15. I need help identifying this Bone I found after a storm at OBX. The sandal in the picture is a mans size 10.
  16. Southeast Texas Pleistocene Bones

    I've been searching the gravel bars in the Brazos almost every day this week while the water is still low enough to get down there, and I've collected a pretty good assortment of fossilized bones. Most of what I've found have been fragments that are totally unidentifiable, but a handful still have some significant features that could lead to an ID. There's too many pictures to post all at once, so I'll reply a couple times with more. Thanks for the help! This first find is definitely a tooth and is the only piece I have that isn't from the Brazos, instead I picked it up on a trip to one of the small beaches north of the Texas City dike. I'm thinking bison, but I'm open to suggestions.
  17. Hi everyone, I've been hesitant to post this fossil on here for a while as I didn't know if I wanted to hear a response which would contradict what I had hoped this would be. However, I recognize that to maintain a reliable and accurate collection I would have to properly identify what I found. The fossil in question is a possible partial egg that I found last year in the White River formation of Wyoming (Late Eocene/Early Oligocene) w/PaleoProspectors. This formation is known to produce fossil bird and reptile eggs (in fact, someone found a large, complete egg on this ranch the week before I was out there) so I knew that there was a possibility. When I found it most of the inside still contained sediment, which I have since gently scraped away to the best of my abilities. It has an odd dent in the top and no obvious pores, but the overall shape and the apparent shell make me think this is an egg. It is 8 mm tall and about 10 mm in diameter. I want to know what you all think. I would especially like to hear the opinions of @CBchiefski @jpc @MarcoSr @Auspex@Troodon Interior of the egg before I cleaned out the matrix. After I scraped away the matrix. Here's two views of the top.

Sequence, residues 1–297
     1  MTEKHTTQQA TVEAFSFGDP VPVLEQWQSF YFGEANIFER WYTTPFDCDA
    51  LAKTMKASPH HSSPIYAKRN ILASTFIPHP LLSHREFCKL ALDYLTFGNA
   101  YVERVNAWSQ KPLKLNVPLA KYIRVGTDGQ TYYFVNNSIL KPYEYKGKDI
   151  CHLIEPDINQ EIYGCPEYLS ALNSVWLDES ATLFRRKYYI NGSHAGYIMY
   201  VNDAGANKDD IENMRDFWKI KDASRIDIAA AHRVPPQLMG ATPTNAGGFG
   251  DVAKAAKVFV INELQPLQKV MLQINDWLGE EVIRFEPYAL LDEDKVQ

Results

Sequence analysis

18. Bone River Find Turtle?

    Another post regarding a specimen I found posted on a Facebook fossil ID page - which no one in the group can ID. This was found in a river in Iowa. Most of what is found in the area is Pleistocene to modern. My first though was part of a turtle shell attachment point? But I am stuck.
  19. Fossil ID

    Found in Kansas, on surface in wooded area, moss covered, under a tree next to poison ivy. Did glance around to look for possible connecting pieces but did not espy. Top looks like a turtle. Am wondering if the bottom is also because of markings that don't seem like random impressions. Am still cleaning with soft toothbrush and white vinegar in a Zen like fashion. Tiny black balls on surface that aren't budging. Textures emerging. There is an area near the top part which I'm wondering if it is it's head. Hard to photograph end to end details well.
  20. Hi guys! I went out with one of my kids today to the Calvert Cliffs to see what we could find after the thunderstorms this week. We hit the beach around 9:00 and spent about 4 hours. It was calm with very clear water and favorable tide conditions. We weren't disappointed. We found a bit of eveything--some decent makos, hemis, and tigers, a couple of verts, some turtle shell, croc skin (I think), a mostly complete ecphora, a cookie fragment, some cool bone, and other stuff. We didn't find anything enormous, but we were happy with the variety. Enjoy the pic. If anyone has any idea what the delicate jawbone fragment might be from (bottom center), please chime in. I haven't found anything that small before.
  21. Potomac - Fossil Wood? (Solved: Turtle)

    Hey guys- I was kayaking yesterday near Blue Banks and stopped for a rest and, of course, to see if there was anything interesting lying around. I picked up this piece of what I thought could be fossilized wood, but I'm not sure. It is definitely mineralized, has some very faint slightly radiating lines on the "top" and has a clear pore structure in cross section. Any ideas?
  22. Help me ID these please

    Hi I found these bits at Herne Bay in Kent. Can anyone ID the two dark pieces? They are about 3cm each in length. one of them looks like reptilian skin or I thought maybe part of a turtle paddle? Would really appreciate any thoughts.
  23. Baby Mosasaur Or Turtle?

    I think this is a baby mosasaur vert most likely clidastes but it could be turtle. The experts can't seem to agree.
  24. Turtle material

    From the album North Sulphur River

    Turtle carapace is usually flat on both sides. The middle is porous or "spongey."